Monday, February 4, 2019

Super Bowl Memories

We just lived through another Super Bowl. In recent years, the Super Bowl has been less about the game of football and more about shiny things distracting the audience from a progressively subpar product. Super Bowl LIII was the perfect storm of this very thing. From the game, to the commercials, to the halftime show, this year’s edition of the Super Bowl didn’t even live up to the lowest of the hype. Still, even with the lowest ratings of any Super Bowl in recent memory, around 100 million people watched the game. That had me thinking of some memorable games in my lifetime.

The earliest, clear memory of the big game was Super Bowl XX in Louisiana when the Chicago Bears stomped the Cinderella New England Patriots 46-10. I had permission to watch the game in my bedroom. I had a 13” black and white television on my dresser. I think I made it to halftime, but fell asleep shortly after the third quarter began. One of the biggest thing I remember was Refrigerator Perry running in for a touchdown.

The 1985 Chicago Bears were a juggernaut of not only football, but also of pop culture. The team made the Billboard Top 100 with “The Super Bowl Shuffle” peaking at #41. From it’s release in early December, it was soon heard everywhere, especially in the days leading up to the Super Bowl. For those of you who want to relive that earworm, here’s the link for that tune:

Most people in Western New York remember the game five years later when the Buffalo Bills played in their first Super Bowl. “Wide right” will forever be etched into the nightmare of Bills fans for all time. In those days, I was still excited a bit about the Bills, even though I was a Green Bay Packers fan. There was a collective groan in our living room when the ball sailed wide. We kind of blame my mom for the loss. She watched the whole game until the two-minute warning, and then went to take a shower. Maybe if she had continued to watch the game, the Bills would have prevailed. Sports superstitions are no joke.

As a Packers fan, my next Super Bowl memory is XXXI. It also happens to be my favorite Patriots Super Bowl memory. Sorry Pats fans. Almost all the scoring took place in the first half, capped off by Desmond Howard’s 99-yard kickoff return in the third quarter. With Brett Favre at the helm, those of us who were Packers fans thought this would be the start of a dynasty in the NFL. Our hopes were high, especially when the Packers returned to the Super Bowl next year to face the Denver Broncos. Unfortunately for us, John Elway wanted to go out on top of the game.

The Packers made it back to the big game at the end of the 2010 season for Super Bowl XLV against the Pittsburgh Steelers. This game was important to me a several ways. It was the first time my team had made it to the Super Bowl since the kids were born. They would get to enjoy the game with me with a rooting interest. The second reason was for bragging rights at the office. My boss was from PIttsburgh, so there was the tiniest bit of trash talk going on that week before the game.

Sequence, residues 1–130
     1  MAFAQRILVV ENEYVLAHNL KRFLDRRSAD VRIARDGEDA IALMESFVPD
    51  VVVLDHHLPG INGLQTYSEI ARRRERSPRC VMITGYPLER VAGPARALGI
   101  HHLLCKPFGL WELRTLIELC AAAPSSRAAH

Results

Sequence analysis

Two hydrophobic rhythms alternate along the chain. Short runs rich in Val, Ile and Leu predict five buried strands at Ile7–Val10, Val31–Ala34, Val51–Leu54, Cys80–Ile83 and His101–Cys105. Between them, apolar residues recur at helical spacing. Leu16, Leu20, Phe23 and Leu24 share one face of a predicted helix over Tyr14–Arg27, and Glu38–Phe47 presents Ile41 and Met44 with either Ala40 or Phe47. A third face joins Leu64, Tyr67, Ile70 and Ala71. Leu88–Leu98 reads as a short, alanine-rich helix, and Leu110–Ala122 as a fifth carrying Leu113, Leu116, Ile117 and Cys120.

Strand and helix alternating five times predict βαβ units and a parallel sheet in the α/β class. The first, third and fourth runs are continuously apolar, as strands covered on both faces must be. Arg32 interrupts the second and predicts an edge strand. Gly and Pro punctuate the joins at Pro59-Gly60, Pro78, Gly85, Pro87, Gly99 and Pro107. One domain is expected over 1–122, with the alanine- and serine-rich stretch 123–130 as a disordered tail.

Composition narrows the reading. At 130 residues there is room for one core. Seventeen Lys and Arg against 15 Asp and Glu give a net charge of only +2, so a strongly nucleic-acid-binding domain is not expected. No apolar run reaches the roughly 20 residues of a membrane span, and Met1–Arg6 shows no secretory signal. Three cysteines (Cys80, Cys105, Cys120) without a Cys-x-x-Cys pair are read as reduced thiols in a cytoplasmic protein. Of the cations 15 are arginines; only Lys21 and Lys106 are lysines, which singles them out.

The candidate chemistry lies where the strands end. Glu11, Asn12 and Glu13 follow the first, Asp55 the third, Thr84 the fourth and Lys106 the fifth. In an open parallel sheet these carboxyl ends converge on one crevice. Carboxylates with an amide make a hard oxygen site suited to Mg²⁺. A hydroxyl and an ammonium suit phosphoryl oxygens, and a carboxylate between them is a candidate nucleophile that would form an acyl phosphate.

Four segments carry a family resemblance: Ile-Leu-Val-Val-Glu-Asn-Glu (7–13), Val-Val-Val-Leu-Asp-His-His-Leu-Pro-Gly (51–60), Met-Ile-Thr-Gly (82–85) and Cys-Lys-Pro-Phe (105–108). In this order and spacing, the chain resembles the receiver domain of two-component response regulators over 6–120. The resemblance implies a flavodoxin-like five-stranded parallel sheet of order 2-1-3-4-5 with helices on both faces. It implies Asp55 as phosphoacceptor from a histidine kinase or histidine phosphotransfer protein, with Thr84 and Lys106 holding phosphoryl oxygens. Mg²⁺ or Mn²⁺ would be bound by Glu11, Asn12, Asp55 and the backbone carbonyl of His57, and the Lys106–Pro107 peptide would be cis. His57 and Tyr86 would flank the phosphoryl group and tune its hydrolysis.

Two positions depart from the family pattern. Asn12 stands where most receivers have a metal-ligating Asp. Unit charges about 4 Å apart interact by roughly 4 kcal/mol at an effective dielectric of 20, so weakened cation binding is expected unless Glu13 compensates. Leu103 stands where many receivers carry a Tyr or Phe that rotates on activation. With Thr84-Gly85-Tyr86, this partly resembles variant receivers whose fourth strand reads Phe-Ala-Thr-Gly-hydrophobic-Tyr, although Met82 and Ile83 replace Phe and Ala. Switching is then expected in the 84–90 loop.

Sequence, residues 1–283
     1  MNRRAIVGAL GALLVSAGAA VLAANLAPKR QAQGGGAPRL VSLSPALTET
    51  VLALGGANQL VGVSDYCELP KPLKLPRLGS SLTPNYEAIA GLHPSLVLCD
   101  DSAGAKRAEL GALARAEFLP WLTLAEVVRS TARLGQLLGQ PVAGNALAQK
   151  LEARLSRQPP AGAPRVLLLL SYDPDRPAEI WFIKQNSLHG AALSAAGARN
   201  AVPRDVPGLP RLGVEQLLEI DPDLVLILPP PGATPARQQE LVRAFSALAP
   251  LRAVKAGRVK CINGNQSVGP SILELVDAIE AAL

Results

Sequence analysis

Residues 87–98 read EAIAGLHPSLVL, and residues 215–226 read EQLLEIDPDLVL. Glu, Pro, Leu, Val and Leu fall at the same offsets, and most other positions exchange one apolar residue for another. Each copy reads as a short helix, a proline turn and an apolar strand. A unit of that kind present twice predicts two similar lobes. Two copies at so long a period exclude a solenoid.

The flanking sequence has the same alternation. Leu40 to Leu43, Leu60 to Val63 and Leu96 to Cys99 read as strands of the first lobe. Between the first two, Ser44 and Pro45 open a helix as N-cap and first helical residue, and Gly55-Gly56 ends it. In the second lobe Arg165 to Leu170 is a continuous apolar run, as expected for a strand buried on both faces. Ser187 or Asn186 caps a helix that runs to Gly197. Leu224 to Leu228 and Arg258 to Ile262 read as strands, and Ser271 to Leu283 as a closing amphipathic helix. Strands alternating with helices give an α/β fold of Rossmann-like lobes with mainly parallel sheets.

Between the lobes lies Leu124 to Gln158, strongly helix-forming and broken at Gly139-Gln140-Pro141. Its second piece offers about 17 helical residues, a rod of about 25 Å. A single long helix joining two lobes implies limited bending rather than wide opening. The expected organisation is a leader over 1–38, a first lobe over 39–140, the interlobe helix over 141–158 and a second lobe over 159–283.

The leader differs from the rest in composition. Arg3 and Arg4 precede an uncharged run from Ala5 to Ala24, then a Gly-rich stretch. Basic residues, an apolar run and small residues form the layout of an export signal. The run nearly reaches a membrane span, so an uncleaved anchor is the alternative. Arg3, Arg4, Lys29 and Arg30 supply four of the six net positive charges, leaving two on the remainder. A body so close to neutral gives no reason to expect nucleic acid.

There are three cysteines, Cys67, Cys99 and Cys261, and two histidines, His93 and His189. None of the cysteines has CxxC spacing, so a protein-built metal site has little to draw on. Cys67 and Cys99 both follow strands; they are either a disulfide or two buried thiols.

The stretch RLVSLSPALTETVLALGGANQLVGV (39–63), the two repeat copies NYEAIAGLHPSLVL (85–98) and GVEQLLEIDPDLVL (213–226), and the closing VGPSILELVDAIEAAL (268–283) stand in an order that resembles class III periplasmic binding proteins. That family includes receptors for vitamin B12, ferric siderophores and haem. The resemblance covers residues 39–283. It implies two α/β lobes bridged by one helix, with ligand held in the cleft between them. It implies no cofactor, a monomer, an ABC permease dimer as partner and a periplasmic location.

Our kids were so young that they only got to watch the first quarter before they had to go to bed. This was a great game that had me on the edge of my seat for all four quarters. There was a lot of pacing going on. The Packers jumped out to a large lead, but Pittsburgh battled back. By the end of the fourth quarter, I was sitting in my chair watching Roethlisberger attempt a last ditch effort at a comeback win. When Big Ben’s last pass fell incomplete, I jumped out of my chair, over the TV tray in front of me (not knocking over anything on the tray in the process), screaming that we just won the Super Bowl. Of course, I woke up two of the girls in the process. But the Packers had just won the Super Bowl.

Now back to Super Bowl LIII. Without a doubt, unless Tom Brady or Bill Belechick retires in the next few days or weeks, this one will be entirely forgettable. There was minimal excitement throughout the game. The commercials were lackluster, as if the advertisers, too, were simply tired of an overpriced and overhyped game. As for the halftime show, it simply was the worst part of the game. I guess we still measure the shows against the show that Prince graced us with for Super Bowl XLI in 2007.

After watching the game, I must say, however, that the selection of Julian Edelman as MVP was a terribly poor choice. Yes, he ran amok, especially in the first half, but the Patriots did nothing with it. They only scored 3 points. In my opinion, and it pains me to say this, but Rob Gronkowski was robbed of the MVP. Without a doubt, his catch in double coverage, bringing the Patriots to the 2-yard line changed the game. That play was the one that changed the entire flow of the game and gave the previously stalled momentum to the Patriots. Edelman’s choice just highlights the fact that the league cares more about stats than substance.

Another argument could be made for Stephon Gilmore being MVP with his interception at the end of the game. I don’t think that interception had as much impact as Gronk’s reception. I still stand by my opinion that Rob Gronkowski should be the MVP of Super Bowl LIII. But other than that, there’s not much that can be said about this year’s game. Maybe next season, we’ll get some new teams in the game, which will make it that much more exciting for those of us outside the greater Boston area.

Craig Bacon would love to see a Super Bowl in person, but he will never pay $5000 to watch a mere football game. He has more brains than that.